10 Min AMRAP
5 KB Swing
Lots of people give advice. But not every piece of advice is worth heeding.
The internet has been a wonderful boon to our education in all sorts of things, but a detriment in other regards. Everyone is a publisher now, and hence everyone is an “expert.” It is difficult to wade through the barrage of guidance.
The next time you’re faced with someone telling you what you should do, stop and consider:
1.) Does this advice make sense?
2.) Is this person a good source for advice?
3.) Does this advice really apply to what I’m seeking to do and the goals I want to accomplish?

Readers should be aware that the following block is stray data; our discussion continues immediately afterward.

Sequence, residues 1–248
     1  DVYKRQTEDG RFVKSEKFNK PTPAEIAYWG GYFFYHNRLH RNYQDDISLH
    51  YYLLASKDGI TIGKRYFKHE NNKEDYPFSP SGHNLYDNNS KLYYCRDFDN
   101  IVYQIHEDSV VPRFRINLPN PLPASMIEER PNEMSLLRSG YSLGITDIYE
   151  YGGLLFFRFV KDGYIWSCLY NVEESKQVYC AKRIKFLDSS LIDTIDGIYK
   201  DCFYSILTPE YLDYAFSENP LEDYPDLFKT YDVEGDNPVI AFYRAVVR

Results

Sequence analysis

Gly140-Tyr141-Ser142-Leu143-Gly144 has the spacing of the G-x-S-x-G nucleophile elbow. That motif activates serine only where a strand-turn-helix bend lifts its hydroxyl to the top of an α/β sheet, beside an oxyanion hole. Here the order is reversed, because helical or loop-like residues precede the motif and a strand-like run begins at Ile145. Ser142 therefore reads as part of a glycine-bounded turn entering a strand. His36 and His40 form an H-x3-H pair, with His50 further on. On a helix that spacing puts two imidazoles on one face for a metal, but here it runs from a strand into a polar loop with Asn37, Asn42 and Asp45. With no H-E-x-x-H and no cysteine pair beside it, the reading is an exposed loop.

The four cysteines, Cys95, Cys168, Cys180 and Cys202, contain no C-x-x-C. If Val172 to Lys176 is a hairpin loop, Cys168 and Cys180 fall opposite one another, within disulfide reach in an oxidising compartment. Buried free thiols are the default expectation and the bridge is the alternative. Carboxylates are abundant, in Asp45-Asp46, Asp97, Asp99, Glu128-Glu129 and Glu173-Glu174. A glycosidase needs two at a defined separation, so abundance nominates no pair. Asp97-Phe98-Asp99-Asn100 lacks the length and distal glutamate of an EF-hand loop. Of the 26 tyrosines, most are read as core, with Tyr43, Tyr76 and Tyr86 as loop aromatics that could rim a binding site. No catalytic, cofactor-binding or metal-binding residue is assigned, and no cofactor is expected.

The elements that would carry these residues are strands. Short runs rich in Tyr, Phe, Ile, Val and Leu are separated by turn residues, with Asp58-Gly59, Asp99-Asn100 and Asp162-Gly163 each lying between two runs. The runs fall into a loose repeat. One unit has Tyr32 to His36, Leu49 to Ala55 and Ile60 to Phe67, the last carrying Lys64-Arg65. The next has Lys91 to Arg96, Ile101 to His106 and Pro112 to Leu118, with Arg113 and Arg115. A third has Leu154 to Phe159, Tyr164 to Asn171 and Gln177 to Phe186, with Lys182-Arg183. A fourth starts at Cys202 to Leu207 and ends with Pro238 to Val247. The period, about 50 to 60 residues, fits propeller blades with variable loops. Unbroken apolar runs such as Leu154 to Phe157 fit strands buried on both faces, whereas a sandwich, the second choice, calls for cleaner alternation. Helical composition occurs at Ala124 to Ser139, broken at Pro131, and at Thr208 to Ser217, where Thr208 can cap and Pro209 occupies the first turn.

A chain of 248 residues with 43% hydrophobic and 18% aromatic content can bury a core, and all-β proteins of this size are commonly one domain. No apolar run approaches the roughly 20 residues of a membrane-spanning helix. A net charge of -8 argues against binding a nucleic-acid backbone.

Not all advice is good for every situation.
If June Carter Cash* had read famed writing coach William Zinsser (“Clutter is the disease of American writing”), she never would have written the same lyrics to “Ring of Fire.” We wouldn’t have “I fell into a burning ring of fire/I went down, down, down and the flames went higher/And it burns, burns, burns, the ring of fire/The ring of fire.” We would have “I went into the ring of fire.” And that just wouldn’t be the same.
Doesn’t mean Zinsser is wrong. Doesn’t mean Cash is right. What it means is we all need to figure out when to follow advice, and when to ignore it.
Wall ball pullovers, 50 reps @ 10/8#
Good mornings, 100 reps @ 45/35#
Dynamic banded sit up, 75 reps